By Joseph Santoliquito
Special to MaxPreps.com
St. Joseph’s Prep had just steamrolled over everything in its path, and Hawks’ coach Gil Brooks was basking in another Philadelphia Catholic League Red Division (large school) championship. The Prep, as St. Joe’s is known in the Philadelphia area, finished an amazing 12-0 run in 2003. The Hawks were rated No. 3 nationally by USA Today and were the pride of the area.
Or so Brooks thought. When someone posed a question: “Hey, coach, how do you think you’d do against Strath Haven (a PIAA state powerhouse at the time)?”
Brooks grew agitated. “What could I say, what could I do then, we were only able to play the teams on our schedule,” Brooks said. “That year I would have put our team up against anyone in the state, and believe me, I would have. But it stopped at the Catholic League. That was the problem then.”
It’s not the problem now.
The Philadelphia Catholic League was once the only major sports league that wasn’t involved in the Pennsylvania Interscholastic Athletic Association, the governing body of high school sports in the state. Therefore, year after year, since the PIAA instituted a state playoff system in football in 1988, Pennsylvania never had what could arguably be defined as a “true state champion” in its four classifications (AAAA, AAA, AA, A) in football.
That will change this year, with the inclusion of the Catholic League as a full-fledged member of the PIAA in all sports. It breaks what some in the past called an isolationist policy regarding the Catholic League and the rest of the state—joining its cousin, the Philadelphia Public League (or “The Pub”), which entered the PIAA in September 2004.
“It’s not something we did hastily; we spent the last couple of years working to make this move,” said Jason Budd, Director of Secondary Student Services for the Archdiocese of Philadelphia. “The bottom line is we do everything for our kids. The point for our programs and schools is being able to be compared to programs outside our league. It is true that for years we were looked on as isolationists. Now that’s changed.”
Both Budd and Brooks noted there was reluctance with the switch. Many coaches throughout the Catholic League were concerned the tradition of the league would erode with the move to the PIAA. Concerns also arose about traditional neighborhood rivalries getting pushed aside, about how Thanksgiving Day games would be played, if a team advanced far into the PIAA playoffs.
Perhaps the biggest concern was scheduling. In football, the league cut its season short to accommodate the PIAA District 12 playoffs.
“The logistics of everything was about my only fear in this move,” Brooks said. “We had to work out how everything fit schedule-wise. It’s still something that needs to be smoothed out, but at least we’re a part of the PIAA and I suppose we’ll fix it as it goes.”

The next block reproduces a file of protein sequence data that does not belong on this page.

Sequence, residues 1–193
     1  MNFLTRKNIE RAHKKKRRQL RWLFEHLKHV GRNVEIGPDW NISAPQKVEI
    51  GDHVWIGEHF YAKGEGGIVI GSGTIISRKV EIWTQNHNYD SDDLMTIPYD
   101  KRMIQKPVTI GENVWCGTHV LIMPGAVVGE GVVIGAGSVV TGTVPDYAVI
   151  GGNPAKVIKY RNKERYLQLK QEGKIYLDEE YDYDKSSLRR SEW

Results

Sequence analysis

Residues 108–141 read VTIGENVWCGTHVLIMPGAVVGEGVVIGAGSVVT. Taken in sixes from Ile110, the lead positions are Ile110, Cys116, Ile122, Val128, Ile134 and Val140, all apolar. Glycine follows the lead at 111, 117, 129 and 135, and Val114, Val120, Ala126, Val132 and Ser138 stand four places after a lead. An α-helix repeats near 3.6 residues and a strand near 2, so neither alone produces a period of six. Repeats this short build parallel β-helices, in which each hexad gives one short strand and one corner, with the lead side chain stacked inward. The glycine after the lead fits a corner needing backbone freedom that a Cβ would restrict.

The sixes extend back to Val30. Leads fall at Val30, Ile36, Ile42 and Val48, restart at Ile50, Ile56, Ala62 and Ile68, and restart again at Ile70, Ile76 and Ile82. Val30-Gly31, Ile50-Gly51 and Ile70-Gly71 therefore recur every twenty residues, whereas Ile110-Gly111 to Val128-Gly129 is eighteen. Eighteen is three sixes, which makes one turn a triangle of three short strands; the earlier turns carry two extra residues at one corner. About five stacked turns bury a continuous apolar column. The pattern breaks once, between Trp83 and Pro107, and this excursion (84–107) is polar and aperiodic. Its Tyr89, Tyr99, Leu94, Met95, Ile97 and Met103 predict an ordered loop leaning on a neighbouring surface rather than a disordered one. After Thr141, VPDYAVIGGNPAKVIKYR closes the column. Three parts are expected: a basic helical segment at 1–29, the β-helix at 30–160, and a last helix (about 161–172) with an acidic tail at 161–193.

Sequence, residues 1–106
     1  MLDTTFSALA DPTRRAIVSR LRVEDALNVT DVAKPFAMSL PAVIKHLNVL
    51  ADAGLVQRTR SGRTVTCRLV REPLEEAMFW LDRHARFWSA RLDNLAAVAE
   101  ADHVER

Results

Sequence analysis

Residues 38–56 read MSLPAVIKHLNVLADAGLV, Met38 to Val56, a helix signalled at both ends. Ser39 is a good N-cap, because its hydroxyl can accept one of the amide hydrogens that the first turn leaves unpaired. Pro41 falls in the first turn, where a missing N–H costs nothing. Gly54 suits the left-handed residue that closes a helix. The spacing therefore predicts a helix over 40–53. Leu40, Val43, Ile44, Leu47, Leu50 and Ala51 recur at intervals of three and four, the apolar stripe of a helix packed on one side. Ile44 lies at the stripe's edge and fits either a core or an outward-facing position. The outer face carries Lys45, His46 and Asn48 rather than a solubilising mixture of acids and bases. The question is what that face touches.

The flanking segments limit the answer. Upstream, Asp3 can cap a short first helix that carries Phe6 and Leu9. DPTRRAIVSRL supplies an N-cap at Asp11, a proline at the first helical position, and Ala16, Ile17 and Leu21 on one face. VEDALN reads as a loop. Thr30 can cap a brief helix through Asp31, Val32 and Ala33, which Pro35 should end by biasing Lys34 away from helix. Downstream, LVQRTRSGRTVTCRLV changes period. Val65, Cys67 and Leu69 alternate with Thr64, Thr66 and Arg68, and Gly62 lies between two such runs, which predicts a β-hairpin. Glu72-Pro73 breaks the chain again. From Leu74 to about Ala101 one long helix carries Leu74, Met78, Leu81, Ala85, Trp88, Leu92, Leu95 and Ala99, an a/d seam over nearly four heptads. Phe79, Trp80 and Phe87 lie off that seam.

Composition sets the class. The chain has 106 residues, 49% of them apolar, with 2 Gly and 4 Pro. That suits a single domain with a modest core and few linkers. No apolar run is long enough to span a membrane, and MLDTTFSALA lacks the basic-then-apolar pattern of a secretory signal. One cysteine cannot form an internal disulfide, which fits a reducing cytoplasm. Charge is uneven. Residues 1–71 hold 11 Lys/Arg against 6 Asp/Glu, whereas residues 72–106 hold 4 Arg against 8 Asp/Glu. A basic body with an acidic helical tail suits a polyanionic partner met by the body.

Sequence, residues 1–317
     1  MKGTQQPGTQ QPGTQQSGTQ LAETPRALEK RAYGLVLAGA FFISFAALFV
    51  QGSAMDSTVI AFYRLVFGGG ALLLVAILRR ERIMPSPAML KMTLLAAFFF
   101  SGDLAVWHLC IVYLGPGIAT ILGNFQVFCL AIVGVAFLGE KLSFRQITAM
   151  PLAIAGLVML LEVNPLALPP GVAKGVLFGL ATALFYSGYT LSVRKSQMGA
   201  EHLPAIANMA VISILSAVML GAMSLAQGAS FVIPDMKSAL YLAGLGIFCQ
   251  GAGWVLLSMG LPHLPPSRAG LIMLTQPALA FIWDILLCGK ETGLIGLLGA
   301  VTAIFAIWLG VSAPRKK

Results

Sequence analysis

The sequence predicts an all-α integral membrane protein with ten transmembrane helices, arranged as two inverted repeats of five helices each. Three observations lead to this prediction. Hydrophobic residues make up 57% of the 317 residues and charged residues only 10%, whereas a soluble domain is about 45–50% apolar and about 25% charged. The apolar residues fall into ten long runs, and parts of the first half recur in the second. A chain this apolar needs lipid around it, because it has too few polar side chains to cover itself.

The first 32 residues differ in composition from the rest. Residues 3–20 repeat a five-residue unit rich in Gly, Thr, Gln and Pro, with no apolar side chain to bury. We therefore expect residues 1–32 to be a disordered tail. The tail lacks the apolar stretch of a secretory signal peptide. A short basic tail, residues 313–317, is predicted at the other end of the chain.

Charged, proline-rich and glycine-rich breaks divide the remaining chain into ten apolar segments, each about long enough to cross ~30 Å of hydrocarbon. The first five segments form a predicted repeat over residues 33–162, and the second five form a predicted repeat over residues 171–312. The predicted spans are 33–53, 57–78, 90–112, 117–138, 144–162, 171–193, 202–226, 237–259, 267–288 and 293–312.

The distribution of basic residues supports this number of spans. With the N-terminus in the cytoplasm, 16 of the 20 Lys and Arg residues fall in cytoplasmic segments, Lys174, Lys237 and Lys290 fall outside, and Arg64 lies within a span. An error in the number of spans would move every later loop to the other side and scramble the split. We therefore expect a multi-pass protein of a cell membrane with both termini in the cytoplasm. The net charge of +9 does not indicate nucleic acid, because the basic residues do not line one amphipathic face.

Bishop Joseph McFadden, who oversees education in the Archdiocese of Philadelphia, was a big proponent of the move. It was his vision that began setting the wheels in motion in 2005.
“There was a concern that the Philadelphia Catholic League would lose its identity. But Bishop McFadden alleviated those fears,” Budd said. “It was his vision that we can now can crown a Catholic League champion, and yet compete at the state level. We’ll have the ability for our young people to participate and compete beyond the level where they used to compete.”
The highly successful Brooks, whose powerhouse team is 4-2 overall and 3-1 in the Catholic AAAA Division, a new classification to ease the merger with the PIAA, has always been on the cutting edge of the move into the PIAA.
The Catholic League used to be one league in football, divided geographically into a North and South Division until 1999, when the league was split based on enrollment into the Red (large school) and Blue (small school) Divisions, creating two separate league champions. (Football was the only sport in the Philadelphia Catholic League with separate league champions based on school enrollment, now increased to three, AAAA, AAA and AA).
The change, however, didn’t stop The Prep. The Hawks kept on winning. Over the previous four years, the Prep amassed a 40-11 record outside the PIAA and was a combined 25-0 in the 2002 and 2003 seasons.
The Hawks just had their 55-game, eight-year, regular-season league winning streak snapped earlier this year. Though Brooks has his sights set on something larger, because his team will have that chance. And the chance to win the first Philadelphia city championship since 1979, as the Catholic League merges with the Philadelphia Public League to play for the District 12 (Philadelphia) title.
“My hat is really off to the Public League for making this whole thing happen,” Brooks said. “We wouldn’t have been able to do anything without their cooperation. Some people affiliated with the Catholic League may look at this and say we’re breaking some traditions, but we’re also reinstituting the old city championship game, which goes way back (to 1938, when Prep won the first Philadelphia city title).
“Let’s face facts, some of the tradition eroded when we stopped being one league and became an enrollment-based system. We’re still going to have a league champion in football, though it’s going to be three separate champions based on enrollment classification. So we won’t be losing that much tradition, if anything, we’re reverting back to tradition with the Philadelphia City Championship.”
More importantly, Pennsylvania will have a true state champion in football.
“That’s the bottom line,” Brooks said. “That’s all that counts, something more to play for.”
Joseph Santoliquito covers high schools for the Philadelphia Daily News and is a frequent contributor to MaxPreps.com. He can be contacted at JSantoliquito@yahoo.com